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Thursday, October 27, 2005

Greenspan on the Role of the Council of Economic Advisers

Federal Reserve Chair Alan Greenspan discusses the contributions of the Council of Economic Advisers and other agencies created by the Employment Act of 1946 in a speech given today in St. Louis. This is somewhat timely given the vacancy at the CEA created by Bernanke's departure, if confirmed, to become Fed chair:

Receipt of the Truman Medal for Economic Policy, Remarks by Chairman Alan Greenspan, October 26, 2005: ...[P]art of Truman's importance derives from the fact that several key new governmental structures were established during his Administration. Among these were the Council of Economic Advisers (CEA) and the Joint Economic Committee of the Congress (JEC). These organizations were established by the Employment Act of 1946... Two ingredients seem to have been essential precursors of the Employment Act. The first was a deep concern that the problem of peacetime unemployment had not been solved. ...many feared that the economy would slip back into depression. The second element was the economic thinking of John Maynard Keynes. ... President Truman's memoirs make clear that both of these strands ... influenced his request to the Congress for full employment legislation in the fall of 1945. ... Early drafts of the Employment Act enshrined ... new processes and institutions, ... the CEA, the annual Economic Report of the President, and the JEC... The CEA consists of a chairman and two other members, ...Over the years, the CEA has provided objective and professional economic advice at the highest levels in the White House. ... A hallmark of the ethos of the CEA is the pride that its staff members take in providing objective analysis. ... Because the CEA has retained its small size over the years, it can be quick and nimble in ways that are difficult for some larger agencies. Moreover, because the CEA is viewed as a neutral agency without ties to any particular constituency, the CEA often has played an important role on interagency committees and working groups... Along those lines, perhaps the most important role of the CEA has been to scuttle many of the more adventuresome ideas that inevitably bubble up through the machinery of government. ... This role of the CEA is wholly unheralded--after all, who hears about the idea that never came to fruition--but it serves as an important check in the policymaking process. ... Of course, as chairman of the Council during President Ford's Administration, I was close to some of these debates and decisions. ...I began work at the CEA in September 1974. ... I found my time there quite rewarding, ... I will only highlight three themes that recurred during my tenure. First, economic modeling is as much art as science. ... Economic models provide a set of useful tools to frame future outcomes; but ... models can go off track in myriad ways. Objective and thorough analysis, as is the norm at the CEA, is the most effective counterweight to this challenge. Second, high-quality and timely data are crucial inputs to the process of making economic policy. ... Finally, as hard as this can be to achieve, economic policy should take the long view. Although pressures to use the government's tools of economic management to achieve one or another short-term aim are always present, the tools of government are, in fact, most appropriately used to create an environment in which private economic activity can flourish over the longer run...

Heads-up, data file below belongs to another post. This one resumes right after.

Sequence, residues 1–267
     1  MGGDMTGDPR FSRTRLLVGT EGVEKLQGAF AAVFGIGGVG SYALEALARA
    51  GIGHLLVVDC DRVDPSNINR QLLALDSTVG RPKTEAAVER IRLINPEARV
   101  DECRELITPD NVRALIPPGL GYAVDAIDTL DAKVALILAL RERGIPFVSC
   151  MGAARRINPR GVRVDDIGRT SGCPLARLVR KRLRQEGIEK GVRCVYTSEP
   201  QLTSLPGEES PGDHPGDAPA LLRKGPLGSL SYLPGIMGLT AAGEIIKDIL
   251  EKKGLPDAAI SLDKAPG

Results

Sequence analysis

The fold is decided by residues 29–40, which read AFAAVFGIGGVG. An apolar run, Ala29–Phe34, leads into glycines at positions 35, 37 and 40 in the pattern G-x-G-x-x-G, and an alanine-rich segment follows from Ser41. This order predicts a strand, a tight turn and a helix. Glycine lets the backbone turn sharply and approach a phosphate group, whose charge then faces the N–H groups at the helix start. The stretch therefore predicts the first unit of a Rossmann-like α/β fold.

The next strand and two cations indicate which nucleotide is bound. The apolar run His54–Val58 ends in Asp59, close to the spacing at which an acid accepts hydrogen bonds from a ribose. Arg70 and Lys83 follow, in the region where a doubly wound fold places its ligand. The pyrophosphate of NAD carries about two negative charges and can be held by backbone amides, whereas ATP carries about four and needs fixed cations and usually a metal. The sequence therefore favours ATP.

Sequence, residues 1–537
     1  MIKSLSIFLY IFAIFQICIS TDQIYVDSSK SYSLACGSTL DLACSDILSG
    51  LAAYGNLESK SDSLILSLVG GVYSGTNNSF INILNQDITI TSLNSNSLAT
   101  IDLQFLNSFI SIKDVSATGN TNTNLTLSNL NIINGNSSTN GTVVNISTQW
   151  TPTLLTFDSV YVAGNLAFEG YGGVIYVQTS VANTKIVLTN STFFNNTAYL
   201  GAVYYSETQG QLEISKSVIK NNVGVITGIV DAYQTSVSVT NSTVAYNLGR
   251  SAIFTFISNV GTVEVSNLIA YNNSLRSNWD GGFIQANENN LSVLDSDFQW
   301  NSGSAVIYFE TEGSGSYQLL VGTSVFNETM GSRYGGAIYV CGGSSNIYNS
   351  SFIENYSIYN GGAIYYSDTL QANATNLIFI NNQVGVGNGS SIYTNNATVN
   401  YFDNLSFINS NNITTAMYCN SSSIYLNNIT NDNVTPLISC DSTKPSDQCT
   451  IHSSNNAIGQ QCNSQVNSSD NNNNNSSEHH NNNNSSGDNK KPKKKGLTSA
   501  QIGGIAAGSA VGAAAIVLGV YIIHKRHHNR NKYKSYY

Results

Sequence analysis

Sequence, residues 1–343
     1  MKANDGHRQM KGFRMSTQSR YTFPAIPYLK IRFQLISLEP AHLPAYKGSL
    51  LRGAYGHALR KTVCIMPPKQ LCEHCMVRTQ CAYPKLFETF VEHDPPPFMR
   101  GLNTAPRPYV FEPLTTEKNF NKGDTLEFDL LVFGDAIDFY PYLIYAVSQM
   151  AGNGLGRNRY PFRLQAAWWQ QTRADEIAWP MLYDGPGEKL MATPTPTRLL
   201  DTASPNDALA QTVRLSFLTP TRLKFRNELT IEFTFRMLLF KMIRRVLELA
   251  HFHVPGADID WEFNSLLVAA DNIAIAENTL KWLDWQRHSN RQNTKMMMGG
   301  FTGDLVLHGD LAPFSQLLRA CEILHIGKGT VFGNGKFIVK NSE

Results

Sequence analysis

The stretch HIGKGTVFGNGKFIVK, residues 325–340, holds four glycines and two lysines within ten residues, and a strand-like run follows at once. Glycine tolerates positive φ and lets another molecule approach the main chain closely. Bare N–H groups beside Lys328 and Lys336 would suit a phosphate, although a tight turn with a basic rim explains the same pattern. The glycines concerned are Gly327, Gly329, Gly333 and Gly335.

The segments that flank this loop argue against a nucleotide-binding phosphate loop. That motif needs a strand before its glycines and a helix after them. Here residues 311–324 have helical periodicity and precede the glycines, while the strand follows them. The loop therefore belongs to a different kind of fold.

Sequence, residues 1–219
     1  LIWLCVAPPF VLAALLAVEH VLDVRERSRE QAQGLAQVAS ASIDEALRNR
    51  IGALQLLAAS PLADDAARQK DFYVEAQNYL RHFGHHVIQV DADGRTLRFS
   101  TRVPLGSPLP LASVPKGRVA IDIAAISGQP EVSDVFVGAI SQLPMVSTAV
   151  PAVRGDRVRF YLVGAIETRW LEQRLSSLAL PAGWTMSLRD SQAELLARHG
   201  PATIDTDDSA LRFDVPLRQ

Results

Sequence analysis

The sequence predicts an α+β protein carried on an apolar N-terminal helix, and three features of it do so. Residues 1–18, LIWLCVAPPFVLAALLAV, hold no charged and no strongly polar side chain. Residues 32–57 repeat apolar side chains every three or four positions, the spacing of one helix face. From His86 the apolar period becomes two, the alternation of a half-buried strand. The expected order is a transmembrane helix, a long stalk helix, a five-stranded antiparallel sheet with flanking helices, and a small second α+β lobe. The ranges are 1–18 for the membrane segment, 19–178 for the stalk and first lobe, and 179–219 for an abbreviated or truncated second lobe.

What's left unstated, and the hard part of the statement at the end, is deciding what the "longer run" is, particularly in light of the long lags before monetary policy takes full effect. Obviously, the Fed cannot manage aggregate output hourly, daily, or even weekly. But what about monthly output? Quarterly? Annual? When there is a recession, a short-run event around the long-run trend the Fed, even Greenspan's Fed responds by lowering rates. Deciding whether an event is a short-term cyclical fluctuation of little concern to the Fed, or a medium term fluctuation that requires action is part of the art of policymaking Greenspan discusses. This task is made harder by having imperfect models of the economy and this explains his craving for more high-quality and timely data. Greenspan proved to be quite skilled at untangling more persistent fluctuations from more transitory ones and this is one reason for his success as Chair of the Fed.

    Posted by on Thursday, October 27, 2005 at 12:24 AM in Economics, Fed Speeches, Monetary Policy, Policy, Taxes | Permalink  TrackBack (0)  Comments (1)

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